Saturday, January 28, 2012

The Upside Of Irrationality: Chapter 5

Through a series of experiments, Dan Ariely documents the many ways in which humans behave irrationally. By understanding these human tendencies, we can both learn to behave more rationally when it is to our benefit, and better understand why those around us are behaving in the way they are.

Revenge seems irrational on the surface. We are willing to go to great lengths, far out of our way, and sometimes even hurting ourselves, in order to punish someone who has wronged us. But it also acts as a deterrent. If someone believes we will go out of our way to harm them, they may be less likely to wrong us in the first place.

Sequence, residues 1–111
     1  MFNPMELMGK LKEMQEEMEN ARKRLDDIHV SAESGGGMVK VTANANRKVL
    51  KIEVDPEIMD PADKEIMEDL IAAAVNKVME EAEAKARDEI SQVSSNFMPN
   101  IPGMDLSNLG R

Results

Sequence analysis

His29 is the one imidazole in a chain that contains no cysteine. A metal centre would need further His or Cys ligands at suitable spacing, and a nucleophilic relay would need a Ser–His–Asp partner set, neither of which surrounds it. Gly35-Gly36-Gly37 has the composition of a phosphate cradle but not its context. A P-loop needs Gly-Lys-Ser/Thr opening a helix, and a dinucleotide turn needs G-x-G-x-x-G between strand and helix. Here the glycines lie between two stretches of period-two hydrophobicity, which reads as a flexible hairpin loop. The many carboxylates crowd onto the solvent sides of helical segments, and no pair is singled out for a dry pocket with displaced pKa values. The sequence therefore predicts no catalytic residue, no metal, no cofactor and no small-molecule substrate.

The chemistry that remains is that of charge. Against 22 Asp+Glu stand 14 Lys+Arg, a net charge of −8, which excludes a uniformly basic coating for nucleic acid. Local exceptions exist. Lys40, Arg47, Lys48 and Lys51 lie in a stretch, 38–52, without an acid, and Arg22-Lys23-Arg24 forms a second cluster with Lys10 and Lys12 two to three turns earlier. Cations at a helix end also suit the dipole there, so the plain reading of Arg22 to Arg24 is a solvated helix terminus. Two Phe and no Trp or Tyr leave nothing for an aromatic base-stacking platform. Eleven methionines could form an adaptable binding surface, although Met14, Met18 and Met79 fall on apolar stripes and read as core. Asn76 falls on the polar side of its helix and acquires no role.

Ariely notes that brain scans suggest we actually experience pleasure while doling out a punishment to someone who we believe deserves it. In a series of experiments, he also drills down to see how revenge works.

For one thing, when we are wronged we don't seem to distinguish too much between a principal and an agent. For example, if we feel wronged by a waiter (the agent), we seem to have no problem exacting our revenge on the restaurant owner (the principal who may not have been involved in the "wrong").

Ariely's experiments also show that apologies do attenuate the desire for revenge, however. The passage of time also appears to reduce our need for revenge. Ariely also uses the chapter to vent about some of his own bad customer experiences, exacting revenge in this way.

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